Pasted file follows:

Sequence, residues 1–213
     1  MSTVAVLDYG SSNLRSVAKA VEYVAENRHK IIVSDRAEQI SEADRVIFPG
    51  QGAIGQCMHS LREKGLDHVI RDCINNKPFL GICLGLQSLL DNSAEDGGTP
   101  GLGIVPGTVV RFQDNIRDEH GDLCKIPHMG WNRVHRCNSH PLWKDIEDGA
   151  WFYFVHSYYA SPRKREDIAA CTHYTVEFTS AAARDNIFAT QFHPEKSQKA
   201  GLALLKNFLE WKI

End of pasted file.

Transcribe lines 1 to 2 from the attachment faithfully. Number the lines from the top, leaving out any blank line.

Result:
Sequence, residues 1–213
     1  MSTVAVLDYG SSNLRSVAKA VEYVAENRHK IIVSDRAEQI SEADRVIFPG